-=== Side note on scrolling lines ===+===== Side note on scrolling lines =====
 At this point in the article I'd like to say a few words about Pasi ‘Albert’ Ojala'​s article. In it he goes into a technique called "​scrolling"​. While the term is the same used in soft scrolling characters (either vertically or horizontally),​ this scrolling is an entirely different thing which has to do with so called bad lines. So here goes: the C64 was designed primarily to draw character screens. Let's get our terminology correct here: there'​s scan lines and character lines. Each character line is 8 scan lines high. At the start of every character line the VIC-2 retrieves image and color information that it requires to draw be able to draw the next line. The VIC-2 needs the data and address bus to do that. There'​s only so much time to achieve this. You should know that each clock tick in the system is divided into two phases: the first phase is for the VIC-2 chip, the second for the CPU. Each gets equal time to use the data and address bus. But when the VIC-2 needs to fetch data it claims more time. The CPU gets much less time consequently. The scan lines at which this happens are called bad lines because of this reduction of CPU time.  At this point in the article I'd like to say a few words about Pasi ‘Albert’ Ojala'​s article. In it he goes into a technique called "​scrolling"​. While the term is the same used in soft scrolling characters (either vertically or horizontally),​ this scrolling is an entirely different thing which has to do with so called bad lines. So here goes: the C64 was designed primarily to draw character screens. Let's get our terminology correct here: there'​s scan lines and character lines. Each character line is 8 scan lines high. At the start of every character line the VIC-2 retrieves image and color information that it requires to draw be able to draw the next line. The VIC-2 needs the data and address bus to do that. There'​s only so much time to achieve this. You should know that each clock tick in the system is divided into two phases: the first phase is for the VIC-2 chip, the second for the CPU. Each gets equal time to use the data and address bus. But when the VIC-2 needs to fetch data it claims more time. The CPU gets much less time consequently. The scan lines at which this happens are called bad lines because of this reduction of CPU time.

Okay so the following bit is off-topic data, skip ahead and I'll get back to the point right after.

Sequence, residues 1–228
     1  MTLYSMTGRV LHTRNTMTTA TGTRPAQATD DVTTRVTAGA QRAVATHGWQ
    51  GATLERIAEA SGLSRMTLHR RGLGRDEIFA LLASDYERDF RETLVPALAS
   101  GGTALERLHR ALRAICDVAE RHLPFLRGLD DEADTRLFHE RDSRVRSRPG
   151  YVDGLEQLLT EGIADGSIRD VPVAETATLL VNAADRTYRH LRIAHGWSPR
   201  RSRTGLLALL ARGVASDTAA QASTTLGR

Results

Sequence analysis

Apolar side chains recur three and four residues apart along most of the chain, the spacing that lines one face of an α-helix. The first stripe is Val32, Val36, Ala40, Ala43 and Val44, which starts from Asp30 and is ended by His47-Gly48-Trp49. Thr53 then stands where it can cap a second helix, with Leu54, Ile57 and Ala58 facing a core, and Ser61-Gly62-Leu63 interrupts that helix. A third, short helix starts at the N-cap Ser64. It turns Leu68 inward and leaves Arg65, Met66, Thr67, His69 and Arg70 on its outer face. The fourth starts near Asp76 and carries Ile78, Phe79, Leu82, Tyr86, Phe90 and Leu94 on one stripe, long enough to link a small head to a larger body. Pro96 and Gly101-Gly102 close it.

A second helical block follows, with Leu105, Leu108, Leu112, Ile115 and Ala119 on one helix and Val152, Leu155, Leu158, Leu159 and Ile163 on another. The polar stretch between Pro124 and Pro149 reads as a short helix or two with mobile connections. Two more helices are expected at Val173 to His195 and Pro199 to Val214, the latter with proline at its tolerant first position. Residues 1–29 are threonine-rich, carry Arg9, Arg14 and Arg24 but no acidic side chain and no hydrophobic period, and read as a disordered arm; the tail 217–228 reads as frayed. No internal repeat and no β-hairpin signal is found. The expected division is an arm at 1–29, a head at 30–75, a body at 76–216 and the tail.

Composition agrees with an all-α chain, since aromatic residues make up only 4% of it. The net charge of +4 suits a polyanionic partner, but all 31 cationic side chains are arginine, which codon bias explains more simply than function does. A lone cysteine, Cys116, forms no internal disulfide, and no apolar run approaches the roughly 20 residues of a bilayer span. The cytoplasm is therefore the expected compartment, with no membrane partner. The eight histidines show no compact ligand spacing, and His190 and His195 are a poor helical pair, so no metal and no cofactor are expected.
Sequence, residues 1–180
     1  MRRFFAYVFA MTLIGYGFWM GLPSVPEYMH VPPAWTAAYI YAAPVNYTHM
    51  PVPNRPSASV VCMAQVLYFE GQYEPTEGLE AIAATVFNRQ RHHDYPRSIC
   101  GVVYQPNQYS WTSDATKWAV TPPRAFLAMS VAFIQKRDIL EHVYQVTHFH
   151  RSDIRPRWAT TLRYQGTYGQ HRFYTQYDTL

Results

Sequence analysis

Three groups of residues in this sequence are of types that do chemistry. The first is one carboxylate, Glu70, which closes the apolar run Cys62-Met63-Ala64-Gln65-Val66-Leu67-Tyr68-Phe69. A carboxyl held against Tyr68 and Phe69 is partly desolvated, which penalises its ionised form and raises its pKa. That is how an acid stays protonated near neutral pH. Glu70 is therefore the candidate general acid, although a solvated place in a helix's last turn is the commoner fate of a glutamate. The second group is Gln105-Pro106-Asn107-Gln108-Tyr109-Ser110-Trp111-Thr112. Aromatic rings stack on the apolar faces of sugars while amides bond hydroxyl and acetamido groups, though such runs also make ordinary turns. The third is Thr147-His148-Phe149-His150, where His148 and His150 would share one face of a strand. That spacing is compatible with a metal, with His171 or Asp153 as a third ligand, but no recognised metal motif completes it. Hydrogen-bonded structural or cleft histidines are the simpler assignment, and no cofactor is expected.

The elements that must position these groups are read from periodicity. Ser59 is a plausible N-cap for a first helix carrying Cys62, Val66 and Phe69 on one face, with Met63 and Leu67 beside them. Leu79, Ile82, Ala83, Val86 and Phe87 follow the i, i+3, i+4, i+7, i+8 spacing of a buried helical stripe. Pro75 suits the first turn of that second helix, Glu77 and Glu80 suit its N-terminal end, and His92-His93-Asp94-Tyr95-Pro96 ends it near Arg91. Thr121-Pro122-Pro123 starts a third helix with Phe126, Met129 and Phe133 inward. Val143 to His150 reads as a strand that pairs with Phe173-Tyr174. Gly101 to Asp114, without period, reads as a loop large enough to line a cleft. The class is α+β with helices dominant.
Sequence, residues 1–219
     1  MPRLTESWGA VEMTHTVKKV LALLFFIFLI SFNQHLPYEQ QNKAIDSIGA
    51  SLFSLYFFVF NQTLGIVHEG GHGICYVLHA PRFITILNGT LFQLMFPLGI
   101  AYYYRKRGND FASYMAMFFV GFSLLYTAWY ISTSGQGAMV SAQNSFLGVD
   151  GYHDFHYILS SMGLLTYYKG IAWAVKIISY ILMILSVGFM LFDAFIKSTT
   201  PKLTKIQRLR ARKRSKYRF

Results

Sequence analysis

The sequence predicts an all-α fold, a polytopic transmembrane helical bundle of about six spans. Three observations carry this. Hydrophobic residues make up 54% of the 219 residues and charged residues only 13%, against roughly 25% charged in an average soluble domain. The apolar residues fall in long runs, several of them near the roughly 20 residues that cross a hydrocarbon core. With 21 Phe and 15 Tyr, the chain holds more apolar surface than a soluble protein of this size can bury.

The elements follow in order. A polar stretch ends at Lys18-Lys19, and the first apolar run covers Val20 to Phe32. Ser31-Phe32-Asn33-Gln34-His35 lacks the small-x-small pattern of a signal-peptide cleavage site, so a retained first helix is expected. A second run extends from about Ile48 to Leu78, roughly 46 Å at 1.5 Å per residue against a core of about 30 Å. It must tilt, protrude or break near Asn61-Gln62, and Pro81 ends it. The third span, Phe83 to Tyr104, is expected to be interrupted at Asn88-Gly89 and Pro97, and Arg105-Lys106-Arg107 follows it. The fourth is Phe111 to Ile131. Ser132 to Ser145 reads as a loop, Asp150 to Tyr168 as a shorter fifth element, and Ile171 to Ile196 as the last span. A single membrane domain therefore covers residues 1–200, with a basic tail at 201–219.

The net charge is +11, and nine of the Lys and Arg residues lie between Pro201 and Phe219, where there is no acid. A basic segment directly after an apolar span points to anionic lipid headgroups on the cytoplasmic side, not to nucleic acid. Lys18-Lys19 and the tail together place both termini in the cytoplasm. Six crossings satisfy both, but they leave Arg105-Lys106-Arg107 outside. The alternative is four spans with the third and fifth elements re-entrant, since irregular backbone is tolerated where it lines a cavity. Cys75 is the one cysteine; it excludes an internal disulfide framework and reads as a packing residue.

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 Please remember that these are just side notes. They have nothing to do with opening up the borders but I am mentioning them because they appear in Pasi's article and I thought they deserved some extra attention. Now let's put all the side notes aside and go back to opening up them borders. Please remember that these are just side notes. They have nothing to do with opening up the borders but I am mentioning them because they appear in Pasi's article and I thought they deserved some extra attention. Now let's put all the side notes aside and go back to opening up them borders.
   
-=== The Code ===+===== The Code =====
 Some notes on the code. In Kick Assembler the "​.pc"​ directive sets the program counter. There is a macro called "​BasicUpstart()"​ which generates a basic program which starts the machine language program. ​ Some notes on the code. In Kick Assembler the "​.pc"​ directive sets the program counter. There is a macro called "​BasicUpstart()"​ which generates a basic program which starts the machine language program. ​
 Using constructs like <irq and >irq resolves into the least significant byte and most significant byte of a 16 bit address respectively. Using constructs like <irq and >irq resolves into the least significant byte and most significant byte of a 16 bit address respectively.
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 </​code>​ </​code>​
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base/opening_up_the_borders_-_a_further_explanation.txt · Last modified: 2016-03-13 22:08 by ftc